Contemporary Issues Of Nursing And Critical Ill Patient With Dnar Order

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Contemporary Issues of Nursing and Critical Ill Patient with DNAR Order

Nursing and Do not Attempt Resuscitate Order


Do not Attempt Resuscitate

“DNAR” (Do not attempt resuscitate) as an order to avoid all forms of CPR,”Full Code” as any physician order for CPR. "DNAR" is a stand for Do not attempt resuscitate, sometimes called a "No Code". It is legal paper, which is attached to the file of patient. According to "DNAR" form, medical staff cannot apply CPR procedure, when patient is in critical care unit and patient needs CPR (Blais, 2006, pp.83).

A “DNAR” is a request not to give cardiopulmonary resuscitation ("cardiopulmonary resuscitation") if your heart stops and unable to breath and respiration is going to stop. If not given other instructions, hospital staff will try to help all patients whose heart has stopped or who have stopped breathing. You can use an advance directive form or tell your doctor not want to be resuscitated. In this case, your doctor places a DNR order in your medical record. DNR orders are legally accepted by doctors and hospitals in all states (Alters, 2008, pp.15).

Cardiopulmonary Resuscitation (CPR)

Cardiopulmonary resuscitation (CPR) has become the standard treatment for in- hospital cardiac arrest in patients without a "Do not resuscitate" order (Ewens, 2008, pp.14). Cardiopulmonary resuscitation (CPR) or CPR (RCR) is a temporary set of internationally standardized procedure designed to ensure oxygenation of the organs vital when the circulation of the blood of a person suddenly stops, regardless of the cause of the cardiac arrest(Alters, 2008, pp.35) .

The main components of CPR are the activation of emergency medical services within or outside the hospital and the association of chest compressions or "external cardiac massage '(MCE) with artificial ventilation (Nursing Time Net, 2012).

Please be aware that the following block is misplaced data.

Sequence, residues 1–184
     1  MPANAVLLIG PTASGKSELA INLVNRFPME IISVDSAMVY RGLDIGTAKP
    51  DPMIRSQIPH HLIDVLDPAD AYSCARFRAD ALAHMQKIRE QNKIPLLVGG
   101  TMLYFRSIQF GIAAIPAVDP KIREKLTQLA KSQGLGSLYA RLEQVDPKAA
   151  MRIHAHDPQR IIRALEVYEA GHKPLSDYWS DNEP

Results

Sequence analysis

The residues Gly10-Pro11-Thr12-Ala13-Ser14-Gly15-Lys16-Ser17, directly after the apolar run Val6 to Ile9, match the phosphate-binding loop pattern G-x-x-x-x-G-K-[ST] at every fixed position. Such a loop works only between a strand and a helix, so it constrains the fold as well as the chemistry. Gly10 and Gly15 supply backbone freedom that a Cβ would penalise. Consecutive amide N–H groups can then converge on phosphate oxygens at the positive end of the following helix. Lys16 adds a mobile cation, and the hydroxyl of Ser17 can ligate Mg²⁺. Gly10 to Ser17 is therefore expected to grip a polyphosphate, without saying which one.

Specific recommendations on CPR vary depending on the patient's age and causes of cardiac arrest. When CPR is implemented in patient, healthcare professional should be trained in the technique and started within a few minutes after cardiac arrest, these procedures can be effective in saving lives (Nursing Time Net, 2012).

In past several years, survival rate of critical ill patient has reduced due to increased rate of DNA orders. CPR technique may prolong the death and suffering without adding to quality of life. Use of CPR in patients unlikely to benefit may be due to a physician's inability to estimate the probability of survival, a desire to offer hope to patients, a fear of litigation12 and poor communication (Life and Health, 2012).


Decision about Cardiopulmonary Resuscitation (CPR)

When a patient admits in hospital with critically ill condition, and he/she can need cardiopulmonary resuscitation (CPR) in the future because there are symptoms of cardiac arrest. There are some legal orders which are required at the time of admission of critically ill patient regarding cardiopulmonary resuscitation and DNAR orders (Ewens, 2008, pp.22.)

In clinical practice, patient preference regarding cardiopulmonary resuscitation (CPR) is usually assessed at the time of hospital admission in part due to requirements of the Patient Self-Determination Act. However, formal assessment of patient preferences for quality ...
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